Biological systems are composed of biomolecules such as genes, proteins, metabolites, and signaling components, which interact in complex networks. To understand complex biological systems, it is important to be capable of inferring regulatory networks from experimental time series data. In previous studies, we developed efficient numerical optimization methods for inferring these networks, but we have yet to test the performance of our methods when considering the error (noise) that is inherent in experimental data. In this study, we investigated the noise tolerance of our proposed inferring engine. We prepared the noise data using the Langevin equation, and compared the performance of our method with that of alternative optimization methods. PMID:25790786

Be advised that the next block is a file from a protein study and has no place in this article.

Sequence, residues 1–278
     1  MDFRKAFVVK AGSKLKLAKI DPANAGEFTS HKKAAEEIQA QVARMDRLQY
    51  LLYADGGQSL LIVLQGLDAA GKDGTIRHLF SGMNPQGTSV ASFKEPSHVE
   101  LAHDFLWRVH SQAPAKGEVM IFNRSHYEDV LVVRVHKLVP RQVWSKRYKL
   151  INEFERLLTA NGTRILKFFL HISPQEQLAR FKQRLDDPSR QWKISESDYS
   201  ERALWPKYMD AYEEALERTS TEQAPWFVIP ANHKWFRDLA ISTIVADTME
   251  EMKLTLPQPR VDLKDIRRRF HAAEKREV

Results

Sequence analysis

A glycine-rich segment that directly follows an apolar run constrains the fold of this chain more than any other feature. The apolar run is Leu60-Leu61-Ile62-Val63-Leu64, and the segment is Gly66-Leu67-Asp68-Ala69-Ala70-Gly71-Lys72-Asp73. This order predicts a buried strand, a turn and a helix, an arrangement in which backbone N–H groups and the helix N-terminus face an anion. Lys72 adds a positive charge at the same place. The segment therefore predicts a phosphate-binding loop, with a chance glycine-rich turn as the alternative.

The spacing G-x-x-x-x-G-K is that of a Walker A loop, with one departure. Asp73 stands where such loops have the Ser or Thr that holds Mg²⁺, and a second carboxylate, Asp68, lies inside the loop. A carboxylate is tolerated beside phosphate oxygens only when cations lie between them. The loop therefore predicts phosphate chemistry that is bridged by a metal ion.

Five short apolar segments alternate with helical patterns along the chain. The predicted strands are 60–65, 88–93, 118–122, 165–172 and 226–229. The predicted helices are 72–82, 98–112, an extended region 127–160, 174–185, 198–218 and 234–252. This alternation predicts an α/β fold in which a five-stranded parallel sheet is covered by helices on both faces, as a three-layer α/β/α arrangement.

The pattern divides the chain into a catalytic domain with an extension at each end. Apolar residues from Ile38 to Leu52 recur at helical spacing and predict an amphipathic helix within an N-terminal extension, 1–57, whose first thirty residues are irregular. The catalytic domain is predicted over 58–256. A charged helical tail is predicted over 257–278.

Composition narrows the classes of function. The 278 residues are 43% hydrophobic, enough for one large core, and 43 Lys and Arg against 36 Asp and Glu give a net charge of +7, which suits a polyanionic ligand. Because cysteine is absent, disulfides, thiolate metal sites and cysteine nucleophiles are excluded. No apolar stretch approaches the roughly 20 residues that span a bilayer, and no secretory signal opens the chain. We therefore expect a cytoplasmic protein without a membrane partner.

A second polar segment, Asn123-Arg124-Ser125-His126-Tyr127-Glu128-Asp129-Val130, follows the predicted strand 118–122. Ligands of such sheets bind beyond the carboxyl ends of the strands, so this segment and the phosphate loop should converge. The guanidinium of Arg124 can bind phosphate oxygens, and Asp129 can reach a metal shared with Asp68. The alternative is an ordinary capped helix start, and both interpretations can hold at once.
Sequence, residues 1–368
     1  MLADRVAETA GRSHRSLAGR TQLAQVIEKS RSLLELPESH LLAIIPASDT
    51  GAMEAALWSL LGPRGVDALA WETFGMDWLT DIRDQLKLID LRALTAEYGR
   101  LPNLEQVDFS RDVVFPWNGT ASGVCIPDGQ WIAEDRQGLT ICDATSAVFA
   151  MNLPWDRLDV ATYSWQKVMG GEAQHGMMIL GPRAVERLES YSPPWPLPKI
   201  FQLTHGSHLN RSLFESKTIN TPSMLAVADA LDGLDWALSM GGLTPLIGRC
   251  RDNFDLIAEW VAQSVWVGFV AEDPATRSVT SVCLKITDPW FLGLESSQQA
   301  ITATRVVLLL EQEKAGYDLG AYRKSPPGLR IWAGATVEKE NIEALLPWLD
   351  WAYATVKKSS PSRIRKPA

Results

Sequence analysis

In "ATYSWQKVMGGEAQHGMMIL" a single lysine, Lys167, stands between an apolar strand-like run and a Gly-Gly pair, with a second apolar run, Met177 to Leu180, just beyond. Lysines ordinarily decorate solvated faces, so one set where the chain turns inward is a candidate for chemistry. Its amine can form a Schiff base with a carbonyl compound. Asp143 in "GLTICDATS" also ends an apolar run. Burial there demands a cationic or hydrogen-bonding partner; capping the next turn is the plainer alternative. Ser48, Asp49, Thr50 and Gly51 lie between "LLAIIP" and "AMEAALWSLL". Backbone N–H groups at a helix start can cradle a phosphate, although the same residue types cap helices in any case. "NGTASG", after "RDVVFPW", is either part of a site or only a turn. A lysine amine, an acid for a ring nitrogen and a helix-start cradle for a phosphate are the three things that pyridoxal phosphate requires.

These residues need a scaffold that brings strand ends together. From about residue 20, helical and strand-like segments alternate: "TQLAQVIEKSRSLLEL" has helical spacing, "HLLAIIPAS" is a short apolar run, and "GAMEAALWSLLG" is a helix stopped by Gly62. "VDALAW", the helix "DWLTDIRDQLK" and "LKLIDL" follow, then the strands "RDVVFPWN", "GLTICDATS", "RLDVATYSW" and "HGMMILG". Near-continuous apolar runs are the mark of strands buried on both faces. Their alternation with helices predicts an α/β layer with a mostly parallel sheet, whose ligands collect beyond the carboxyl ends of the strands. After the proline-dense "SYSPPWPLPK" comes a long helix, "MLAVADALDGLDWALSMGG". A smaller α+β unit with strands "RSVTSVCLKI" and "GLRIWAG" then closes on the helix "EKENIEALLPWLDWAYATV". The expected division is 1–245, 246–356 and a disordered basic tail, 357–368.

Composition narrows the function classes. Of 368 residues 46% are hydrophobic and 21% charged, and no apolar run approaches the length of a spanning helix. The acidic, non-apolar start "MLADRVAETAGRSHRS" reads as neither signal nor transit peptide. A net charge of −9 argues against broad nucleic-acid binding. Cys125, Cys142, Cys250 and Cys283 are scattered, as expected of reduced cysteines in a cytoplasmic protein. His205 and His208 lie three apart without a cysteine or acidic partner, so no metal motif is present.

2. Advanced modeling of active control of fan noise for ultra high bypass turbofan engines

    NASA Astrophysics Data System (ADS)

    Hutcheson, Florence Vanel

    1999-11-01